“We identified the challenges and best practices,” Leland Melvin, NASA’s associate administrator for education, told the audience convened at his agency’s Washington, D.C., headquarters. “Now it is time to go the next step and really have a call to action to increase minority participation in STEM fields.”

A key focus of the day-long event was a new APLU report, “The Quest for Excellence: Supporting the Academic Success of Minority Males in Science, Technology, Engineering, and Mathematics (STEM) Disciplines.” Based on a survey of more than 1600 minority students, higher education faculty, and administrators, it drew a sharp set of conclusions:

To succeed in science-related studies and professions, motivated men from underrepresented minority groups need active engagement and mentoring by college faculty, hands-on involvement in undergraduate research, and adequate financial support. Many successful students credit rigorous Advanced Placement classes in high school with preparing them for college. And many faculty and administrators say that their schools need a deeper commitment to the success of minority men.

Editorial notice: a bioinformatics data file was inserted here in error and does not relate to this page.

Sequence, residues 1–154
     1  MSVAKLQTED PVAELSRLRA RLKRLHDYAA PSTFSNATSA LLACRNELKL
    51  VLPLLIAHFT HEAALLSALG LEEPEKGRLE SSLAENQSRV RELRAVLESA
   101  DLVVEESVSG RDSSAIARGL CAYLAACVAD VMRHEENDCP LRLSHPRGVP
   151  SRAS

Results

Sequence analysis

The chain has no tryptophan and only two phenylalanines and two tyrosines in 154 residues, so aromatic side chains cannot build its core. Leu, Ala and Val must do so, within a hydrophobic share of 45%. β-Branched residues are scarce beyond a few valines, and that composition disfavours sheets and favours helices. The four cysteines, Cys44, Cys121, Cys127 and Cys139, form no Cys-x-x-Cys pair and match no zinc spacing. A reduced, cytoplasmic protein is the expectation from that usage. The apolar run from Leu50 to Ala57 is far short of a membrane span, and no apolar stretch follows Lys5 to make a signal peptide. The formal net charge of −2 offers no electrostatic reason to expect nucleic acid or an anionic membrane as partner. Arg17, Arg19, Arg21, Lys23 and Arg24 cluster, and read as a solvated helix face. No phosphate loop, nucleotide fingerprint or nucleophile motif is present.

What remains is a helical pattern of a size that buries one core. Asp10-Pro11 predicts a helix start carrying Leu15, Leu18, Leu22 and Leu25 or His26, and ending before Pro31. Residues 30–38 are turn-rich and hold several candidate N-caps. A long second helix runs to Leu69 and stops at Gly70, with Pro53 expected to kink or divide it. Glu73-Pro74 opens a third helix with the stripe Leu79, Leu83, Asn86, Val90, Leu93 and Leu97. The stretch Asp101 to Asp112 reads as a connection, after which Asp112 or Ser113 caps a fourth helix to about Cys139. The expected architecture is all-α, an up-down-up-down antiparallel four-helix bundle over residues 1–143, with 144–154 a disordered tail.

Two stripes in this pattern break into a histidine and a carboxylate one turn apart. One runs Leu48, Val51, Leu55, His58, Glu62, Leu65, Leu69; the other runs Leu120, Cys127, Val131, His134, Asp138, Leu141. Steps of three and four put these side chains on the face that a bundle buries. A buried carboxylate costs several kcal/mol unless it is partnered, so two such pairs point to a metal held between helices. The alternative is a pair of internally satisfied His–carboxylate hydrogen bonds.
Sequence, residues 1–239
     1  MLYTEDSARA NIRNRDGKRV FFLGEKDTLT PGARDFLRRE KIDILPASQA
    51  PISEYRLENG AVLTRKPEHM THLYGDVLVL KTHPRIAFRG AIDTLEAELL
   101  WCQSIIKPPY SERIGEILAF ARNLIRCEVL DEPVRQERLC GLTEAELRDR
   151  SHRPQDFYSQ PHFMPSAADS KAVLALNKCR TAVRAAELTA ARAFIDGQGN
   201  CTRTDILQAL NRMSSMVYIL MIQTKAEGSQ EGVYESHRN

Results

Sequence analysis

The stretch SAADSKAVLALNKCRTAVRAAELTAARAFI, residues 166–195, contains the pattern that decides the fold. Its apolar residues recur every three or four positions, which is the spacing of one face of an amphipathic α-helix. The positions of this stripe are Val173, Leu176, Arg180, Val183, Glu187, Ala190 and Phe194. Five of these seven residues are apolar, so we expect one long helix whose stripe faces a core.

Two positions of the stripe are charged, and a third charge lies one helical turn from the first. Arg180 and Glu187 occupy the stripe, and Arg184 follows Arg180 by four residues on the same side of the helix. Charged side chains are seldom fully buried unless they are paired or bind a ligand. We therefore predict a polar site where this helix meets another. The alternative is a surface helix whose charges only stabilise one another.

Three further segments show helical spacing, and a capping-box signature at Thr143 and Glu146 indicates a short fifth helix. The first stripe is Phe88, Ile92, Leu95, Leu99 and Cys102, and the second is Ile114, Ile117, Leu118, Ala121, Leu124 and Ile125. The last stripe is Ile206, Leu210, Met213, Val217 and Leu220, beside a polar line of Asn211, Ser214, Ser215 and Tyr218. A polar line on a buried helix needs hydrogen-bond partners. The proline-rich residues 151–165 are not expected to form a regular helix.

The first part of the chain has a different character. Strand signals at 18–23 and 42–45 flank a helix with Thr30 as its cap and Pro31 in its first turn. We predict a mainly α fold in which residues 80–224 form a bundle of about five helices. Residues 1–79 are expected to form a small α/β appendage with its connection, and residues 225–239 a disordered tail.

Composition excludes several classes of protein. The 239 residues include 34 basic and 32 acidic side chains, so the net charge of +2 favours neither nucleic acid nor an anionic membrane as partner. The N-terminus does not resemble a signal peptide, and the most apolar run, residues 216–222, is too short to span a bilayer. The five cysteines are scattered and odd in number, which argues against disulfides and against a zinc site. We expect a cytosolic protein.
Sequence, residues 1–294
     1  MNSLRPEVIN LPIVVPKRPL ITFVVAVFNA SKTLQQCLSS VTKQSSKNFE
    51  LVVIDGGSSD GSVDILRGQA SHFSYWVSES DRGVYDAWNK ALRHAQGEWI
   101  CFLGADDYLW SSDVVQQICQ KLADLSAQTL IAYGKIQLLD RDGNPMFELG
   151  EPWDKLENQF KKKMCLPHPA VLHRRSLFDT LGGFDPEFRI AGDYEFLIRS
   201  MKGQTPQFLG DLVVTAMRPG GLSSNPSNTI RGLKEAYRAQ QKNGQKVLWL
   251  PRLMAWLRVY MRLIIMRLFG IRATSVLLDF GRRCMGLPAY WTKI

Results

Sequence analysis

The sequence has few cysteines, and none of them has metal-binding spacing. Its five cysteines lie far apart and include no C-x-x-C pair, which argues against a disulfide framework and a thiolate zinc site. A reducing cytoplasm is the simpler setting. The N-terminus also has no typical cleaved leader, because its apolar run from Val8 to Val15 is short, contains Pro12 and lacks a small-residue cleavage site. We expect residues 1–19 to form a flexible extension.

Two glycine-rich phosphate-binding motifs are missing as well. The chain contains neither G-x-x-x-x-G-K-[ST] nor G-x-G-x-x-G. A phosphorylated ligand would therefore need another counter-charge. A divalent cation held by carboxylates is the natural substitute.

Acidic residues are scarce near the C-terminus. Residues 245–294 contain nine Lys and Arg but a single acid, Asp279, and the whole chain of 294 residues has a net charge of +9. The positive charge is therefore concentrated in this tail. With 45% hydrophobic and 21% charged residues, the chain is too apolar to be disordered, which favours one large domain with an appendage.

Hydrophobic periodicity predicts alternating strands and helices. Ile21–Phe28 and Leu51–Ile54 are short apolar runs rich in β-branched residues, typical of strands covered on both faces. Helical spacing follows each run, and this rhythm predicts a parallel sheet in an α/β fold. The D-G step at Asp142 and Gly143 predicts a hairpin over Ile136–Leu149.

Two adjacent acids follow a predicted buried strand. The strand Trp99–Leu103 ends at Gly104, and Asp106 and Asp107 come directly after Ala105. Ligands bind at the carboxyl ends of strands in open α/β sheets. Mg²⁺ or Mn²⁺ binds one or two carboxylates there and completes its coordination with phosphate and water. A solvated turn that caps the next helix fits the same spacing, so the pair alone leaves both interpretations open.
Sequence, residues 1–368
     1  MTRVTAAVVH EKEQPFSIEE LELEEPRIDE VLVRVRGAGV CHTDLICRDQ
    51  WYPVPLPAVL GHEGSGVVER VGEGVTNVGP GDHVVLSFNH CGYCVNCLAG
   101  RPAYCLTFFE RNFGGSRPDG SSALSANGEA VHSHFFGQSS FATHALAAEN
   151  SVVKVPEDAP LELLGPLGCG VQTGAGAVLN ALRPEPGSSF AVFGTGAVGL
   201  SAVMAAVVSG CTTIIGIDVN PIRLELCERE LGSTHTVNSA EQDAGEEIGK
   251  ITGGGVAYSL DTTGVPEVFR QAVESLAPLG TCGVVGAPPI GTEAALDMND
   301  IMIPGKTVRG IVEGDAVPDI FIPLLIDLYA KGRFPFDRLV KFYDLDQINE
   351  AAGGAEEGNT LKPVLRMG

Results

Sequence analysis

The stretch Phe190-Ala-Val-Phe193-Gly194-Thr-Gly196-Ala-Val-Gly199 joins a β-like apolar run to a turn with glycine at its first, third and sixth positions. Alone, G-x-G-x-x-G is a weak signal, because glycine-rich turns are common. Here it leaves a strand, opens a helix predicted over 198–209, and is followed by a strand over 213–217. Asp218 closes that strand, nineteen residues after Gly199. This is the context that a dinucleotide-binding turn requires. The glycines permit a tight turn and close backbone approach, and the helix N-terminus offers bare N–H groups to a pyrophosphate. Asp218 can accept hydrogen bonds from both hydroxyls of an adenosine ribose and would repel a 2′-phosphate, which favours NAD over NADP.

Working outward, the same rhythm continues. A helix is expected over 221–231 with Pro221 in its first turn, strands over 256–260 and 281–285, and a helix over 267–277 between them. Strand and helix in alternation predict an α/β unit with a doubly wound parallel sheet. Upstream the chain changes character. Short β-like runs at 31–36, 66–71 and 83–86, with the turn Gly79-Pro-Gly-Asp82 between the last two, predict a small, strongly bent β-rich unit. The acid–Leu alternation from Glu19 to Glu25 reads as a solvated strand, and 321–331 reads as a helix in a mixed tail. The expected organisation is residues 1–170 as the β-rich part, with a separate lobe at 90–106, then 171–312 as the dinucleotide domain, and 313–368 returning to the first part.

Shirley Malcom, director of Education and Human Resources at AAAS, told the symposium audience that schools need to collect better data on minority students to see not only who is admitted, but what they study, and what they do after leaving school.

Students who overcome the challenges find a range of rewards, said Nicole Smith, a senior economist at Georgetown University’s Center on Education and the Workforce. Earnings are relatively high. And compared with other sectors of the workforce, there is less of a pay gap between minorities and women on one side and white men on the other. In the United States, Smith said, science “is one of only a few equal-opportunity occupations.”